This report was prepared for release during the 2007 Community Health Issues Forum at which community members are to decide the top health issues around which the Kanawha Coalition will focus its efforts for the next three years. 38% of those responding to the telephone survey said they smoked every day or some days, among those who had smoked during the last twelve months, 25% said they had tried to quit smoking during the past year. When respondents were asked to identify the biggest health problems in Kanawha County the following were ranked highest: obesity (87%), heart disease (84%), high blood pressure (84%), cancer (81%), ATV accidents (78%), diabetes (75%) and lung disease (70%). During the community forum the attendees ranked the top three concerns to work on during the last three years and the issues in which the coalition would focus on were obesity, physical activity and tobacco.
How the practice address the issue CLEAN encompasses the enforcement of the comprehensive clean indoor air regulation and the use of social marketing with community events to raise the awareness and support of the Kanawha-Charleston Health Department’s goal for a smoke free community. Many residents and business owners were completely against the expansion of the Clean Indoor Air Regulation to bars and gaming establishments and the social marketing campaign highlighted the positive effects of the regulation. Media outlets were highlighting disgruntled bar owners who were blatantly disregarding the CIAR and the kickoff event provided an opportunity for positive messaging. According to a bar owner, this campaign was needed to show the public how smoke free regulations helps businesses and believes that it is good for smokers and non-smokers alike in hopes of encouraging people to stop or slow down their smoking. The campaign and enforcement enhanced the opportunity for the majority to silence the vocal minority.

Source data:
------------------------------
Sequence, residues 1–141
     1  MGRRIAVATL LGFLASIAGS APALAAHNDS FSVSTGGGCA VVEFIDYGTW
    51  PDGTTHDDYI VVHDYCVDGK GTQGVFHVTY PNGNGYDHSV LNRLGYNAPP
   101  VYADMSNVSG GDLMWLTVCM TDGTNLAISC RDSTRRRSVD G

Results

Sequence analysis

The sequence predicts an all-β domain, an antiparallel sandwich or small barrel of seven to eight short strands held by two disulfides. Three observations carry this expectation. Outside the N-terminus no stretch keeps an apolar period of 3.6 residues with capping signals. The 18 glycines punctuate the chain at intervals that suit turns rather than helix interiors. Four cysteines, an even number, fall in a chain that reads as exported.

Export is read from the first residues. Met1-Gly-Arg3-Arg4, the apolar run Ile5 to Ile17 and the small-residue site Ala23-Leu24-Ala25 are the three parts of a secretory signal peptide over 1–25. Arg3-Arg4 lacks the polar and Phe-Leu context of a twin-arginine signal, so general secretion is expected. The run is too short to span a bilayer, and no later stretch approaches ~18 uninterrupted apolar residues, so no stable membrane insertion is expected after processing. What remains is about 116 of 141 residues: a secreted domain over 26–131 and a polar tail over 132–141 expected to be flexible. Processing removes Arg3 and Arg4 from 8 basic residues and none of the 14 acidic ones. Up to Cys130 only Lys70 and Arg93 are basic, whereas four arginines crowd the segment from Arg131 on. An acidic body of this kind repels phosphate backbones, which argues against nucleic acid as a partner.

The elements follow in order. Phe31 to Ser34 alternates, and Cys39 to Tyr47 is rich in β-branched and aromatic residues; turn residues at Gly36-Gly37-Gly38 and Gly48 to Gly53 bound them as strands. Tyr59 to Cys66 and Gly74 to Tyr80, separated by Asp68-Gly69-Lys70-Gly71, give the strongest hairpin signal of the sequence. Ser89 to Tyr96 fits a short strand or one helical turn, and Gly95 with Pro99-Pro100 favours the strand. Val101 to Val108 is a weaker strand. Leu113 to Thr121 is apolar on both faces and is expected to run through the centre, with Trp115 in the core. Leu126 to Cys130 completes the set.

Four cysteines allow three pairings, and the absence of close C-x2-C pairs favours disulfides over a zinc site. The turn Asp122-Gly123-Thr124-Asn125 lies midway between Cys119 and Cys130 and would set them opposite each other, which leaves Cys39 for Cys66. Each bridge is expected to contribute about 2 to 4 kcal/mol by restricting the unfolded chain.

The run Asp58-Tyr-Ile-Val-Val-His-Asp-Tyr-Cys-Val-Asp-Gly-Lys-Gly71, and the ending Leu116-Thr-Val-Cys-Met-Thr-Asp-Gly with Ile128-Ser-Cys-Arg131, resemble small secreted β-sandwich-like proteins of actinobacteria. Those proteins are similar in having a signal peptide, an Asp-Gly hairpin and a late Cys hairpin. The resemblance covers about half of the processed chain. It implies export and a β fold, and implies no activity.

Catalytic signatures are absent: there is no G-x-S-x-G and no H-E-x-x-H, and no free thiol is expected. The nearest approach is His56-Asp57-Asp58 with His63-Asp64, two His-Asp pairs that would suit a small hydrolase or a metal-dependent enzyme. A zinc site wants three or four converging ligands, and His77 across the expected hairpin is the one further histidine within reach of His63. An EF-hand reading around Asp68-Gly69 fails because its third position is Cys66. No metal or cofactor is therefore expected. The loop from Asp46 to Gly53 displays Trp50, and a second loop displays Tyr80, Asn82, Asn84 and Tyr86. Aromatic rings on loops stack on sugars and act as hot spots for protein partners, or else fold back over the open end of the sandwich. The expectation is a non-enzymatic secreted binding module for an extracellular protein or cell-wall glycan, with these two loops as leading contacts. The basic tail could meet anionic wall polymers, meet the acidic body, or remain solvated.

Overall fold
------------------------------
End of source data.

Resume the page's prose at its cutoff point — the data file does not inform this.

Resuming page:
This practice is a creative use of an existing tool or practice.
Process used to determine that the practice is a creative use of an existing tool or practiceSocial Marketing campaigns are common practice in public health but the combination of elements makes this a unique approach. The website, radio, newspaper, billboard, window decal and direct communication with local business owners provided a multi-faceted approach. The billboard showed women sitting enjoying an evening out within a smoke free environment. The placement of the billboard was essential and one was placed by the casino as you enter Kanawha County from a county where there is very weak regulation. The social marketing campaign, community events to support the clean indoor air regulation and the extensive enforcement of the regulation makes it a unique practice that encompasses a variety of support mechanisms. As a follow-up in 2011 KCHD partnered with the American Cancer Society, American Lung Association, American Heart Association, Kanawha Coalition for Community Health Improvement and the Tobacco Free West Virginia Coalition to place a billboard along a major interstate to promote the Clean Indoor Air in Kanawha County.
Primary stakeholdersKanawha Coalition for Community Health Improvement and the Kanawha-Charleston Health Department
LHD's roleThe Kanawha-Charleston Health Department is actively involved in the Kanawha Coalition for Community Health Improvement since its inception in 1994 and has been working hand in hand for a number of years to address the tobacco control issues in Kanawha County. The Kanawha-Charleston Health Department is responsible for inspections and enforcement of the Kanawha County Clean Indoor Air Regulation of 2008.
Stakeholders/partnersThe Coalition provides a neutral setting for objective dialogue where individual organizational agendas are laid aside and joint strategies are developed for the betterment of the community. The coalition provides an opportunity for resource and information sharing to develop comprehensive approaches instead of multiple single focused activities throughout the county. The Coalition and Health Department received input from the American Cancer Society, American Lung Association, American Heart Association, Kanawha County Schools, RAZE Representatives, and other community organizations.
Describe the relationship(s) and how it furthers the practice's goals.The Kanawha-Charleston Health Department encourages open communication with the public daily and have enhanced communication channels through the use of Twitter and Facebook. The goal of KCHD is to expand our services to include tobacco cessation and prevention programs as a follow-up to the project and CIAR.
Lessons learnedThe Kanawha Coalition for Community Health Improvement is a model community coalition since 1994 with the leadership composed of CEOs and Executive Directors for all major hospitals including mental health, health department, county school and worksite wellness organizations. The Coalition is charged with identifying and evaluating health risks and coordinate resources to measurably improve the health of the people of Kanawha County. The agendas are left at the door and the focus is solely on the health of our residents.